Old town Cetin
The fortress of Cetin is situated 5 kilometres south of Cetingrad, above the village of Podcetin. It is still unknown who and when built this fortress and how the site for its construction was chosen. Roman inscriptions on stone slabs (which probably ended up in the Vienna Museum) prove that Cetin was once ruled by the Romans, that is, that Cetin existed in that period. In the immediate vicinity of the fort there are higher hills, which is evidence that the builders did not know about artillery weapons. It is likely that in the past, next to the fort, there was an important transportation route connecting the northern part of Croatia with the Croatian coastline. Parish of All Saints was first mentioned in 1334.In 1387 Cetin was donated to Ivan Krèki by king Sigismund of Luxembourg as a sign of his gratitude.
The Middle Ages were the golden era of Cetin. Near the magnificent fortress, which at that time was the largest in the wider area of the central Croatia, there was a Franciscan monastery and several churches. At that time Cetin belonged to the Frankopan family. In the 15th century the Cetinski branch of Frankopan family was formed, but did not last long. Ivan Frankopan Cetinski died in the Battle of Krbava field. His brother Grgur and his son Franjo Frankopan became archbishops. They were the last members of the family of Frankopani Cetinski. After them, the fortress became the property of Frankopani Slunjski.
Cetin played an important role in the history of Croatia. After the defeat at the Battle of Mohacs in 1526, there was disarray in the Kingdom of Croatia and Hungary. Croatian nobility gathered at Parliament on Cetin at the end of the year and elected Habsburg Ferdinand, Archduke of Austria as the king of Croatia. The new king pledged to defend all the privileges, rights and freedoms of the Croatian Kingdom and its people as well as to help them financially and militarily in the battle against the Turks. In the following 400 years the fate of Croats had been closely associated with Austria, and the fortress of Cetin was defending the Croatian homeland.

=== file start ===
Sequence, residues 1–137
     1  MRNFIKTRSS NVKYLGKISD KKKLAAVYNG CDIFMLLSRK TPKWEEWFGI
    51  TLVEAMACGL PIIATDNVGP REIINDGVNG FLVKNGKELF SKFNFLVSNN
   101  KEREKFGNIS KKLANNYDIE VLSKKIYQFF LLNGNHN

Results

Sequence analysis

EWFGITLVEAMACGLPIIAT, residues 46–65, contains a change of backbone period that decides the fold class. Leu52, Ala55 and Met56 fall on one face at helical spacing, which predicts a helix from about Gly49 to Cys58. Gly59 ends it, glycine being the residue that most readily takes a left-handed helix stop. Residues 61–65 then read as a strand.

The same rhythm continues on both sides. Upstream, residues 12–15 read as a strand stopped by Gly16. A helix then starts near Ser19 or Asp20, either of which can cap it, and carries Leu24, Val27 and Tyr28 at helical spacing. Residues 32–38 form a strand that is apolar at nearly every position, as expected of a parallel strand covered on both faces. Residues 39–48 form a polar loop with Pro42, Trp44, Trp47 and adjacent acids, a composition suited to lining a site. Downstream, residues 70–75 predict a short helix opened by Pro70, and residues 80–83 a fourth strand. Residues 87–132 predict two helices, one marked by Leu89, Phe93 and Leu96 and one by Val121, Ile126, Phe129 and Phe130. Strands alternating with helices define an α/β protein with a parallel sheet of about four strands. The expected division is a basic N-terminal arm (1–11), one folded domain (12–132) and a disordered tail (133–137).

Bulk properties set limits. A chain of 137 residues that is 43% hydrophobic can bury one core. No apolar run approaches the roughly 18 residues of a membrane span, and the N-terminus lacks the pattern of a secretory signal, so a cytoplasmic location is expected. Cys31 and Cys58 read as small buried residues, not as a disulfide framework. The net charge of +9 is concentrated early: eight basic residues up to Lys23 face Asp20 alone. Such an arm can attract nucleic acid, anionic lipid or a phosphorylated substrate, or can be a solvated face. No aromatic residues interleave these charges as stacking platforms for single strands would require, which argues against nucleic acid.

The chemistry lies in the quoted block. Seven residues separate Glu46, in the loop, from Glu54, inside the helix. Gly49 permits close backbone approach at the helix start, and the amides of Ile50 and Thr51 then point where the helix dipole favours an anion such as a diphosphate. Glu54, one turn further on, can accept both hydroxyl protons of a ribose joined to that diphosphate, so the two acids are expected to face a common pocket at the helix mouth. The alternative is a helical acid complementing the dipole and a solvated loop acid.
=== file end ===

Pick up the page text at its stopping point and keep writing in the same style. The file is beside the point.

In the centuries-old battles with the Turks the fortress was badly damaged and became almost unusable. Two stone plates in The Croatian History Museum in Zagreb testify about reconstructions of the fortress in the 18thcentury, while it was still under the Turkish rule. In 1790 Austrian troops, under the command of general Walisch, finally returned Cetin to the Habsburg monarchy. In 1809 Ottoman forces once again occupied Cetin on the initiative of the French, but in 1810 they had to withdraw under the threats of Marshal Marmont, the governor-general of Illyrian provinces. The historical records of that time show that the name Czettin was used instead of Cetin.
In the late 19thcentury, after the Austrian occupation of Bosnia and Herzegovina, all administrative and management control was transferred from Cetin to the new settlement of Vališ selo (the present Cetingrad) and the fortress of Cetin remained abandoned and forgotten. The remains of the walls and the pile of stones are the only silent witnesses to the turbulent history of the impressive Cetin fortress.